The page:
The Museum of Contemporary Art is offering free admission to visitors for its opening weekend (September 22 – 23). Here’s why we’re already in love with its unique mix of artwork, design and heritage architecture
When it comes to the Museum of Contemporary Art’s (MOCA) new home, you really want to get in on the ground floor. Although visitors are invited to explore all five levels of the refurbished Tower Automotive Building starting this Saturday, September 22, the first floor will always be free to the public — and there are lots of reasons you should go.
Take Andreas Angelidakis‘ seventy-four interactive foam modules, commissioned by MOCA for a year-long takeover, that can be recomposed by visitors into all kinds of new formations from seating to thresholds, platforms to columns. “This engaging, hands-on installation will straddle disciplines and invite visitors of all ages to reimagine their museum space,” says Executive Director and CEO Heidi Reitmaier.
For food and design buffs, there’s also a new cafe by local Italian bakery Forno Cultura as well as the relocated home of the artist run centre and bookshop Art Metropole. Don’t overlook the reception desk designed by Toronto’s MSDS (the studio behind the floral boutique Flur on Bathurst Street) either, as it hold many clues to the site’s past.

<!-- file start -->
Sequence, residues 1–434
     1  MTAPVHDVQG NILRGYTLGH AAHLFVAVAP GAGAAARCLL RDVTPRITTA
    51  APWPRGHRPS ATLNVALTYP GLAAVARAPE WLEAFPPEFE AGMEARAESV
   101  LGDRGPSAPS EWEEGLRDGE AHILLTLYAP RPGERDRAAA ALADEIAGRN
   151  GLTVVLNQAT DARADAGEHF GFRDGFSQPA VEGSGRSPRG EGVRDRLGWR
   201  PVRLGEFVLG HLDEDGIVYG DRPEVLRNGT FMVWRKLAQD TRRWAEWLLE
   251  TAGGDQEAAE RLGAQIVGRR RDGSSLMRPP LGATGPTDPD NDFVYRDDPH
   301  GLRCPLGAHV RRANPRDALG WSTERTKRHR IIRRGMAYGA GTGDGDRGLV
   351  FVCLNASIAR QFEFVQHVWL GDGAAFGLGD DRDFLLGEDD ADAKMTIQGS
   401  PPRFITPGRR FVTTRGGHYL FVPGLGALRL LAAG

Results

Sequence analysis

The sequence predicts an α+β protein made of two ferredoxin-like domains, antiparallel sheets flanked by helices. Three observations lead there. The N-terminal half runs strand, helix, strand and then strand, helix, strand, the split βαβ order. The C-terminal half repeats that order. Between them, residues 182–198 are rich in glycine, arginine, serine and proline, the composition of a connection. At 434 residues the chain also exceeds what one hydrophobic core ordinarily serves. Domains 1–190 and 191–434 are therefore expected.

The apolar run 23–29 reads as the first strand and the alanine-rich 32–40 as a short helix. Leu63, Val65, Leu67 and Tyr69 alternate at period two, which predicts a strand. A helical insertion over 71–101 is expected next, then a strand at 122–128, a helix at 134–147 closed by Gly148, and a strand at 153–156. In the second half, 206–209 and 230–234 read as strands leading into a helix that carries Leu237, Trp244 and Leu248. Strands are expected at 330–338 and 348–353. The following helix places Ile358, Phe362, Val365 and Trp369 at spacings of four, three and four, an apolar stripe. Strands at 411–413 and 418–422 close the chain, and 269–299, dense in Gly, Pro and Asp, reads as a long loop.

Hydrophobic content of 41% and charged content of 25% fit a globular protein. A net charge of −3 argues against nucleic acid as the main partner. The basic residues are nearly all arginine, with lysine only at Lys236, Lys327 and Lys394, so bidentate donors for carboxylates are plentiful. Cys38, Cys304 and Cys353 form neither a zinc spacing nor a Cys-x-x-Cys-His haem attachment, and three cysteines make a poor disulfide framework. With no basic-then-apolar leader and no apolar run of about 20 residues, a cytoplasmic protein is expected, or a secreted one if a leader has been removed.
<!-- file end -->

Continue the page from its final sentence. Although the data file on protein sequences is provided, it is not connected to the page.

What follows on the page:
The design firm wrapped the desk in hefty 1/4″ plate of aluminum to honour the Tower Automotive Building’s history as an aluminum casting an manufacturing plant. “We then machined flutes into it — a motif we derived from the unfluted, elegant concrete columns that are the space’s most striking feature,” they told us. “The elements we added are all intended to contrast but still honour the, in many cases, untouched industrial envelope.”
On Sterling Road, visitors enter the MOCA museum through what was once the factory loading bay, further recalling the past. Minimal interventions throughout the interior similarly spotlight the building’s industrial character. During the renovation, graffiti was sandblasted from the concrete monolithic mushroom columns and walls (which for a long time sheltered much of the city’s pigeon population, we’re told), giving the gallery an unmistakable Junction aesthetic.
Venture upstairs to see the museum’s inaugural group exhibition, Believe, featuring 16 artists working in diverse media. The exhibit responds to explores themes of personal and collective belief structures that couldn’t feel more pertinent as populism and social media restructure political and social norms. No matter the exhibition, however, there’s hardly a better location as the 55,000 square-foot gallery to celebrate Toronto’s gritty, working class past — as well as its future as a destination for contemporary art and ideas.